Men's experience with sexual dysfunction post-rectal cancer treatment: A qualitative study Journal Article

Authors: Ball, M.; Nelson, C. J.; Shuk, E.; Starr, T. D. ; Temple, L.; Jandorf, L.; Schover, L.; Mulhall, J. P.; Woo, H.; Jennings, S.; Duhamel, K.
Article Title: Men's experience with sexual dysfunction post-rectal cancer treatment: A qualitative study
Abstract: In an effort to address reports from men that their sex life is worse after treatment for rectal cancer, this qualitative study was designed to better understand their experience with sexual dysfunction following rectal cancer treatment, thus providing information on the adaptation of a psycho-educational sexual health intervention for male rectal cancer survivors and simultaneously investigating barriers and promoters that would influence their participation in a psycho-educational sexual health intervention. Thirteen male rectal cancer survivors who were treated at Memorial Sloan-Kettering Cancer Center (MSKCC) for rectal cancer participated (median time post-treatment was 6.4 years). Six survivors participated in individual semi-structured phone interviews, and seven others took part in focus groups. We performed standard procedures of qualitative thematic text analysis, which involved independent review of interview and focus group transcripts by several analysts followed by consensus meetings to identify key themes. Participants reported bowel dysfunction (N = 13, or 100 %) and erectile dysfunction (N = 12, or 92 %) as chief complaints. The participants thought a psychoeducational sexual health intervention post-surgery would be helpful because it would provide educational information regarding the etiology of their problems and treatments to improve their sexual health (N = 8, or 62 %). Most participants' primary concern immediately after treatment was surviving their disease; improving sexual functioning seemed to become more important over time. Barriers to potentially participating in a psycho-educational sexual health intervention included geographical distance from MSKCC (N = 3, or 3/13) and the risk of embarrassment when discussing sexual issues (N = 5, or 5/13). Men reported that a psycho-educational sexual health intervention would be helpful to improve their sexual functioning post-treatment. Discussion of bowel issues and logistical concerns gave information on the psycho-educational sexual health intervention.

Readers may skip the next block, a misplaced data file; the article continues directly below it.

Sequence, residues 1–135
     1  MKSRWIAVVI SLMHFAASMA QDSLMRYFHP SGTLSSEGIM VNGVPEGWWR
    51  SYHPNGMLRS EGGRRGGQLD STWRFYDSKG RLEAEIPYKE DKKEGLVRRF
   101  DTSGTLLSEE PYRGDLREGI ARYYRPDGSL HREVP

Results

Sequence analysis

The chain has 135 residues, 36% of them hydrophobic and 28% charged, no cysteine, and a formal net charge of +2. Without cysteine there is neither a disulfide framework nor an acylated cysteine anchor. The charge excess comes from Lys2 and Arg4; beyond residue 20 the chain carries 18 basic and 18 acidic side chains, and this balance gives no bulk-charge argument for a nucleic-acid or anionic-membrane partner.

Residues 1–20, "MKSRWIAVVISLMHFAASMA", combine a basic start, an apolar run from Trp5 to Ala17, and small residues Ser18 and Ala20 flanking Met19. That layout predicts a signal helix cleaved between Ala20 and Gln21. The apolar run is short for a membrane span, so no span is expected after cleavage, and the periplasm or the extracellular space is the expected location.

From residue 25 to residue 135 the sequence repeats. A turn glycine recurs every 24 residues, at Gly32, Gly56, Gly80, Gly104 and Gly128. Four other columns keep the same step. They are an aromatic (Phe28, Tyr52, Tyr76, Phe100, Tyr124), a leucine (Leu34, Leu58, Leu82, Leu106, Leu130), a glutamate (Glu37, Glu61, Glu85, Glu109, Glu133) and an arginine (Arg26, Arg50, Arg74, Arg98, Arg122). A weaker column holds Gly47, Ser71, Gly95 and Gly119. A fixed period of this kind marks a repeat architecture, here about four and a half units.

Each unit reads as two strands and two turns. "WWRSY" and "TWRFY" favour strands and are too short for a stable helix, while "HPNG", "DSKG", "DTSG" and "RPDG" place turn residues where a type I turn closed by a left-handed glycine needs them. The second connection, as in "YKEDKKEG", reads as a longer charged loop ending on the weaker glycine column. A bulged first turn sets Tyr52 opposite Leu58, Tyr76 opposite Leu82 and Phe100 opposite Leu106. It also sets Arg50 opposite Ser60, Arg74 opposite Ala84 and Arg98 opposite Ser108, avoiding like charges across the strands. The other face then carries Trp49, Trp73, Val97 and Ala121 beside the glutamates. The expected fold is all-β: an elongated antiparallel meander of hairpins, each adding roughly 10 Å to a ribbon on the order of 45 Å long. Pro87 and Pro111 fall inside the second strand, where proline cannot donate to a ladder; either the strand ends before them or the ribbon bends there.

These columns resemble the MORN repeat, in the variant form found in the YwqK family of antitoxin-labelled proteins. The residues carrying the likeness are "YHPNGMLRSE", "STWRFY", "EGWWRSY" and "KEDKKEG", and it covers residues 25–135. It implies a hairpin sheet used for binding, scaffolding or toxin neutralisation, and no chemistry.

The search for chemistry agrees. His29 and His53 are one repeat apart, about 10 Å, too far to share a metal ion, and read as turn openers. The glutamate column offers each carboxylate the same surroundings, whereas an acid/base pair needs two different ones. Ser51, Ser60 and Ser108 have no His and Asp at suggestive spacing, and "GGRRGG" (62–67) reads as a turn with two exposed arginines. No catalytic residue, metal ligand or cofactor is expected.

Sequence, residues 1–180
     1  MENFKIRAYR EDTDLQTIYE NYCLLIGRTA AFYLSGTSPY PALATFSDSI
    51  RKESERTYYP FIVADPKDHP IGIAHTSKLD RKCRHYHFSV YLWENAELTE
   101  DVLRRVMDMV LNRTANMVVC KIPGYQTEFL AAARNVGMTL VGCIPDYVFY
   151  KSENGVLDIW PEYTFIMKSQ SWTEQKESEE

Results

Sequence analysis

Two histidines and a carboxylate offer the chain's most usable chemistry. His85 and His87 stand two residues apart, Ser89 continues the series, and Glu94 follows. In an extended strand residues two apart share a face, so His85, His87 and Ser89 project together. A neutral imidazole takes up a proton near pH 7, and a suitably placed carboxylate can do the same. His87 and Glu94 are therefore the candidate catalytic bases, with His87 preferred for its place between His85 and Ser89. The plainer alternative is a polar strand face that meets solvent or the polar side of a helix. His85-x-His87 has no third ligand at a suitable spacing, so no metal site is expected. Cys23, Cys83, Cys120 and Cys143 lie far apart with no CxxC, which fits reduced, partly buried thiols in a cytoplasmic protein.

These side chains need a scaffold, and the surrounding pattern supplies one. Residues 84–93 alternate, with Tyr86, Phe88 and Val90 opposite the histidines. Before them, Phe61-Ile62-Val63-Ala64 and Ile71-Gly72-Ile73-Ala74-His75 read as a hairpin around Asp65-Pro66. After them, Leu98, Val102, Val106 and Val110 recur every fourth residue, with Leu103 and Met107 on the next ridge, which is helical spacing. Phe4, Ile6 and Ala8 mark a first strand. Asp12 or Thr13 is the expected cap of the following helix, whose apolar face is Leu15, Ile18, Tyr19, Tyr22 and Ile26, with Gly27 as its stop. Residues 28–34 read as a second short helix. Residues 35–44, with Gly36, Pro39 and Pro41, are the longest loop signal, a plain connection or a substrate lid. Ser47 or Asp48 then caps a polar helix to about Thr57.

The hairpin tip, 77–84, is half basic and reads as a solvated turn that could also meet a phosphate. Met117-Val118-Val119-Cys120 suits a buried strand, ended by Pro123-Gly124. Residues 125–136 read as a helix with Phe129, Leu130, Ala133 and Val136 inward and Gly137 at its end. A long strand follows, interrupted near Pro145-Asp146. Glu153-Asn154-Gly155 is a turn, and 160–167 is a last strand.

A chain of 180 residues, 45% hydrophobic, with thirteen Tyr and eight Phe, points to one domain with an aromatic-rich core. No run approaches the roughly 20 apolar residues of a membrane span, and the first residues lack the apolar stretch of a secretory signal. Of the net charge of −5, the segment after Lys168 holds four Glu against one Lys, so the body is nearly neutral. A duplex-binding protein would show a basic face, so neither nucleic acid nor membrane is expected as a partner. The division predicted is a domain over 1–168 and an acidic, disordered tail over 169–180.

Keywords: radiotherapy; sexual dysfunction; communication; carcinoma; erectile dysfunction; rectal cancer; colorectal-cancer; prostate-cancer; randomized-trial; dysfunction; depressive symptoms; of-life; bowel; supportive care needs
Journal Title: Journal of Cancer Education
Volume: 28
Issue: 3
ISSN: 0885-8195
Publisher: Springer  
Date Published: 2013-09-01
Start Page: 494
End Page: 502
Language: English
DOI: 10.1007/s13187-013-0492-y
ACCESSION: WOS:000323516400017
PMCID: PMC3755110
PUBMED: 23821133
Notes: --- - Article - "Source: Wos"
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MSK Authors
  1. Katherine N Duhamel
    87 Duhamel
  2. John P Mulhall
    388 Mulhall
  3. Heidi Woo
    3 Woo
  4. Larissa Temple
    178 Temple
  5. Christian Nelson
    254 Nelson
  6. Tatiana Starr
    36 Starr
  7. Melinda L Ball
    2 Ball
  8. Elyse Shuk
    48 Shuk